UK denies dropping Paris climate goals from text to secure Australia trade deal
The British government has denied allegations that it gave short shrift to its climate commitments in order to help conclude a post-Brexit trade deal with Australia.
According to a leaked email from a government official cited by broadcaster Sky News and Greenpeace, three senior ministers -- international trade secretary Liz Truss, business minister Kwasi Kwarteng and Brexit minister David Frost -- agreed not to mention explicitly in the text temperature targets set out in the 2015 Paris Agreement.
But any suggestion that the trade deal would not adhere to essential climate commitments was "totally false," a UK government spokesperson told AFP.
The "ambitious" trade deal with Australia would include an important clause on climate change which reaffirms the commitment of both parties towards the Paris Accord and to reaching its objectives, including limiting global warming to 1.5 degrees Celsius, the official insisted.
The Sky News report claims that the UK government gave in to pressure from Australia and dropped references to specific temperature targets from the deal, including only a general reference to the Paris accord.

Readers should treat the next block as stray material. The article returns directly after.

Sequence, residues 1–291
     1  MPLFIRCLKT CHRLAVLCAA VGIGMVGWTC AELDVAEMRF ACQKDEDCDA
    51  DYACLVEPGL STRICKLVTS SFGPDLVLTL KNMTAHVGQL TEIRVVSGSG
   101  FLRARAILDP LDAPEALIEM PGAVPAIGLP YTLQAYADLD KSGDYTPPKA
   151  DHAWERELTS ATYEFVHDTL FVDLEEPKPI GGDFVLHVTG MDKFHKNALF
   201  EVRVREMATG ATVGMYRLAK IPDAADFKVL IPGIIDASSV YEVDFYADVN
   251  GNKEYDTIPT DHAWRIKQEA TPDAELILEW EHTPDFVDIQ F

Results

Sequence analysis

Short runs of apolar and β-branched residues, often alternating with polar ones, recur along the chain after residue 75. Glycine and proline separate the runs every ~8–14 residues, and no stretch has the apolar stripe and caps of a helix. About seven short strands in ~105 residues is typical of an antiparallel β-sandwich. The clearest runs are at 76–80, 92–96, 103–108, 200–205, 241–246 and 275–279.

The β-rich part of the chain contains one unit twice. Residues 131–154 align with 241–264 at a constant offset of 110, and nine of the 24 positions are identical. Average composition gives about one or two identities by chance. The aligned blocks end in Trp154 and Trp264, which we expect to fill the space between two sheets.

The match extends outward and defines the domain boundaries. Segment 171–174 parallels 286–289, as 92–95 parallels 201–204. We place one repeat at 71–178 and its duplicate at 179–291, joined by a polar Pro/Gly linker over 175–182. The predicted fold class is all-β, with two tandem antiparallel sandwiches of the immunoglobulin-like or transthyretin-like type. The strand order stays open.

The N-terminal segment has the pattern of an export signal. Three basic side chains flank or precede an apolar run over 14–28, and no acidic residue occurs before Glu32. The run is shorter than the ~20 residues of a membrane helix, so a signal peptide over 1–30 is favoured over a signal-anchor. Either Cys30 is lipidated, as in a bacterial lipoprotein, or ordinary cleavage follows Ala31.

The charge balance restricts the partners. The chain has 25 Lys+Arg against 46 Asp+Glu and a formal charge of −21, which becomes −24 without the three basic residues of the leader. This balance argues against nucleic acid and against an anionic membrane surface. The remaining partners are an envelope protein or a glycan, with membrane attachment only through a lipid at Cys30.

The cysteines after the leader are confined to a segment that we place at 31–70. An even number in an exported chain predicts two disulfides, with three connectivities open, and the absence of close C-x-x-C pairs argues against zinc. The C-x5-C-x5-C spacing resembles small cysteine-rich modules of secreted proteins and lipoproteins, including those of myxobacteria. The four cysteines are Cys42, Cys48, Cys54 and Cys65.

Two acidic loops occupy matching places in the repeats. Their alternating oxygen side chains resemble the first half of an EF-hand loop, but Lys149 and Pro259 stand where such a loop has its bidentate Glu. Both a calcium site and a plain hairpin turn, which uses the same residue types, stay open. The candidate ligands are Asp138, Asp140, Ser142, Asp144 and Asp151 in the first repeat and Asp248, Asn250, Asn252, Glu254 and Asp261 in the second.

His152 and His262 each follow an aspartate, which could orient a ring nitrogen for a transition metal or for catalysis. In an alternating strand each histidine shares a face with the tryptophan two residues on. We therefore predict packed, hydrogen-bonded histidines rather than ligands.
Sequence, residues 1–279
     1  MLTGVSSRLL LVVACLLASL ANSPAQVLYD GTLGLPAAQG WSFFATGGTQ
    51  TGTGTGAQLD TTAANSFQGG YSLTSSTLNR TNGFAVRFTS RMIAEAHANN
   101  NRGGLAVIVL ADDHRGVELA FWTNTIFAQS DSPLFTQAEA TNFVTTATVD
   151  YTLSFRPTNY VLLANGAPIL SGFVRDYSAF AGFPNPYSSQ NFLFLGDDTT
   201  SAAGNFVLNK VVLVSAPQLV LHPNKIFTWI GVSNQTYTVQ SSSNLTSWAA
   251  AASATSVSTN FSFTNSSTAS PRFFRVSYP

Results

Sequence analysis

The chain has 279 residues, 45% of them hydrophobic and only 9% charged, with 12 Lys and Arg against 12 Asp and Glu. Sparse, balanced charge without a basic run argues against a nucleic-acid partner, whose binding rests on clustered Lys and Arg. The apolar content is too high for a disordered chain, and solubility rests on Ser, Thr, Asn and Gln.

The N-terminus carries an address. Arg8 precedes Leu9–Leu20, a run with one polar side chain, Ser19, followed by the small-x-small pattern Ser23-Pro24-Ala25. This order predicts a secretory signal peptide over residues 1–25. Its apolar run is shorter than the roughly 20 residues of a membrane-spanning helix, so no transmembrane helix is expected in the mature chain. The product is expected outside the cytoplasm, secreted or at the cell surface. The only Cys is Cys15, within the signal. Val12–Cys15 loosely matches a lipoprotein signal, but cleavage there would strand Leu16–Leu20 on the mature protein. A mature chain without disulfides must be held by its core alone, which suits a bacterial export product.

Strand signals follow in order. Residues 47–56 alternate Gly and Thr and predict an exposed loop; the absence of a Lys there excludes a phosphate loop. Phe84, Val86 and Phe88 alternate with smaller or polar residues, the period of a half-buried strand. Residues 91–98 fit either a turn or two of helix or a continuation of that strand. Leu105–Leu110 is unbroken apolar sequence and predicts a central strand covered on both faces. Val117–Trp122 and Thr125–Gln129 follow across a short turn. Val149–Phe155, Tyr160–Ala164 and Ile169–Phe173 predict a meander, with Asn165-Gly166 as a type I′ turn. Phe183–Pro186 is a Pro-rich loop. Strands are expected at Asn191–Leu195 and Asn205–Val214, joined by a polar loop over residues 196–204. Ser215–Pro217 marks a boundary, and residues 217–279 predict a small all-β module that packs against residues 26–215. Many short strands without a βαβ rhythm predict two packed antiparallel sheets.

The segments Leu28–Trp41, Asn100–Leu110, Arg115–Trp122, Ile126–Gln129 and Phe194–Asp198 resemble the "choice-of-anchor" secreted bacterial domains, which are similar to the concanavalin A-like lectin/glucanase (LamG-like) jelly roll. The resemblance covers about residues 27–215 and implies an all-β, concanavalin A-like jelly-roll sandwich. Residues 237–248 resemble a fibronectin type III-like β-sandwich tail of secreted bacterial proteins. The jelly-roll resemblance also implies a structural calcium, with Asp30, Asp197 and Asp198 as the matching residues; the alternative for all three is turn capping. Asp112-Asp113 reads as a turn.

According to Greenpeace, British Prime Minister Boris Johnson wrote to NGOs in August to assure them that the trade agreement with Australia would not come at the expense of the environment and would mention "multilateral environmental accords, including the Paris Agreement".
It now accuses the government of lying, and of totally undermining confidence in Johnson's administration as host of the next UN climate conference, COP26, in Glasgow in November.
John Sauven, the executive director of Greenpeace UK, said the negotiations should have been an opportunity for the UK to take the lead and press Australia into accepting the need to commit to climate change targets.
"It's an absolute disaster that the UK government has caved in in this way," he added, explaining that it was "absolutely critical" for Australia to commit to measures to curb the climate emergency because otherwise China and developing nations would be less inclined to act.
The United Kingdom and Australia agreed in June on the broad outline of a post-Brexit trade deal, following free trade agreements struck with the European Union and Japan. The fine detail is still to be announced.
Greenpeace castigated the agreement at the time as being below its stated ambitions over the climate, for aligning itself with a country "very late" on climate measures and which had done "nothing" to avoid chaos resulting from its deforestation and regular use of hormones and pesticides.